I bought glass door knobs for the entire house, but we have agreed that more modern handle sets are a better idea. Cliff works for Schlage locks and was unhappy with my choice of vintage style glass door knobs.
He is perfectly content with using them on the closets, though. So, here are three different ways to put glass door knobs onto closet doors. One method has way more photos than you probably need.
The closets have double doors, so the handles only work as pulls, like on a cabinet door.
The First Method
I had ordered dummy spindles on Amazon. These are parts to just screw onto a cabinet door or drawer so that you can use a vintage door knob as a pull handle. We might end up using these somewhere else, but this is how Cliff decided to put the door knobs on.
The Second Method
First, Cliff broke a box and put it under the door to catch the sawdust. He brought over a trash to throw away packaging and anything else.
Then he removed the handles that were on the door.
He measured and marked.
He has a lot of tools, so he used two drills and a screw gun so he wouldn’t have to change bits.
He drilled the first hole for the spindle. He pulled the drill back occasionally to pull the sawdust out of the hole.
He lined the new rosette up to check his marks for the little screws that hold it on. The new outside holes are very close to the old holes, but they are just to hold the rosette in place. They aren’t going to be under stress.
He drilled the holes with a very thin bit, then cleaned the entrance to all of the holes with this.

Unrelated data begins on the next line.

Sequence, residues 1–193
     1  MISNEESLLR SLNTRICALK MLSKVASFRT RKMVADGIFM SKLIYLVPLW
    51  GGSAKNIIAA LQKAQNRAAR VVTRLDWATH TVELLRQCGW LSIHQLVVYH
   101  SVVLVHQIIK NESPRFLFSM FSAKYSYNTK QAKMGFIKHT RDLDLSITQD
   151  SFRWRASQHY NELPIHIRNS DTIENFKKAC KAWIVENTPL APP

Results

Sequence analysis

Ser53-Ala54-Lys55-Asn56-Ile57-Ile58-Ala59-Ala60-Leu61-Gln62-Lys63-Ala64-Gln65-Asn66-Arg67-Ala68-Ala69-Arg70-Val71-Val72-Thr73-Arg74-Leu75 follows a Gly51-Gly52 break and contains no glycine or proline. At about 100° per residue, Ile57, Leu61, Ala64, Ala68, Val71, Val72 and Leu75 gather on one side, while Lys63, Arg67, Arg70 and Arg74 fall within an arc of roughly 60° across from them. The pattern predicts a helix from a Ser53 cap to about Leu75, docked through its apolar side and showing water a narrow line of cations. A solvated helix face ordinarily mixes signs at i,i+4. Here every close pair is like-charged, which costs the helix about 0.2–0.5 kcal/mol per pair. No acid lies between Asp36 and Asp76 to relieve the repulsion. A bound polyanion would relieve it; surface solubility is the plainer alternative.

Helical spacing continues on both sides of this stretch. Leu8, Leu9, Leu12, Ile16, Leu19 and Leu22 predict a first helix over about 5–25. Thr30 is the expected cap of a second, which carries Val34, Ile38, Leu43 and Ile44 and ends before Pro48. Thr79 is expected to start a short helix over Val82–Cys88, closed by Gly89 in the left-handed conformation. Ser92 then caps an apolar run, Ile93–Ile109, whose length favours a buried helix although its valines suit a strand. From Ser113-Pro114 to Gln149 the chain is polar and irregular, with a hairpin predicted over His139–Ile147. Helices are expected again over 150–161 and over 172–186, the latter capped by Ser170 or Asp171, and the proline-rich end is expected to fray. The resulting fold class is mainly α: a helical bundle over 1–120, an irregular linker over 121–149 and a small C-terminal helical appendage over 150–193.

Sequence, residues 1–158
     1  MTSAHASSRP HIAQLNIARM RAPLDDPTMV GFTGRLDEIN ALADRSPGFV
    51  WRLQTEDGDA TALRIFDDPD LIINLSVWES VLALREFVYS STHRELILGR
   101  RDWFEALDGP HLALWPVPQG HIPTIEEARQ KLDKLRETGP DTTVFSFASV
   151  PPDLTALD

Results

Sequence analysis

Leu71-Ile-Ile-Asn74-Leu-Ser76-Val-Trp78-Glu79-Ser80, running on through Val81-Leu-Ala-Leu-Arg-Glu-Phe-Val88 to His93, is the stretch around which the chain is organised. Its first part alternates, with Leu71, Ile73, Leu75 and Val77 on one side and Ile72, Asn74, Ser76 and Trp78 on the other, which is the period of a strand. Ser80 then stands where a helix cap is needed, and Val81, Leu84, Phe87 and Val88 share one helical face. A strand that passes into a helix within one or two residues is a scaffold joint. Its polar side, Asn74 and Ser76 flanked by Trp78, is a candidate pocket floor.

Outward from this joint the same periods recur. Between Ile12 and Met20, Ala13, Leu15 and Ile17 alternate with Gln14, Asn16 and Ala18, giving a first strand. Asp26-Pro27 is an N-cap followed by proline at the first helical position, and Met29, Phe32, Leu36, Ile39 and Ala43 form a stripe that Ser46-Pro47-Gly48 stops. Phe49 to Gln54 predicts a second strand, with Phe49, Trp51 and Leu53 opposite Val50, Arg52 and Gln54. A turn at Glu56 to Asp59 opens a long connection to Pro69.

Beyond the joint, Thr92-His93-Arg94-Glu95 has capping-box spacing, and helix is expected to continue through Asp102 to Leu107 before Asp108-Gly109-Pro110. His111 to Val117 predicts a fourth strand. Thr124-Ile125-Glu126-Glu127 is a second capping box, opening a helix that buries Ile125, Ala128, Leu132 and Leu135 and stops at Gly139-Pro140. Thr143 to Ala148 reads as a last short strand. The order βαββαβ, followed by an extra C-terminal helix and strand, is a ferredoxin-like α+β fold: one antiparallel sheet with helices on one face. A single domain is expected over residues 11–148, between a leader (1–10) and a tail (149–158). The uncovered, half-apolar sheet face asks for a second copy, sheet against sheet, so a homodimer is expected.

He moved the door, folded the box and poured the sawdust into the trash can.
So, here it is, ready to screw in the screws. If you screw these in before the door knob is on, it is easier to go in straight. I know that is obvious, but the final method does not result in straight… anything.
Cliff attached the glass doorknob to the spindle and pushed the spindle through the door. He lined up the rosette on the other side, screwed in the screws and attached the other doorknob.
The old doorknob and the new doorknob.
The Third Method
I put an old door knob onto a Bifold door in a house I used to live in. I used a long drywall screw and screwed it all the way through the small hole that was already on the door. Then, using the claws of a hammer I pulled the screw back out. It didn’t want to come. So, using plyers, I sawed and twisted until I enlarged the hole enough to force the spindle of the door knob through. I threaded the rosette over the doorknob and pounded the doorknob through the door with the heel of a shoe. I put a folded up t-shirt from the laundry over the doorknob first, so I wouldn’t hurt it. I only had one rosette, so I stacked a few washers on the inside of the closet door and screwed the doorknobs together tightly. Then I screwed in the side screws on the rosette. They went in crooked, because the door knob was in the way. I forced them, because I hadn’t started the hole in any way. They were pointy, so they were meant for making their own hole. It looked great! There were a few issues… but if people are going to look that hard, you should give them something to find, right?
For the rest of the doors, I am thinking I would love to have the Schlage Brookshire locks with lever handles in Aged Bronze finish. Aren’t they beautiful?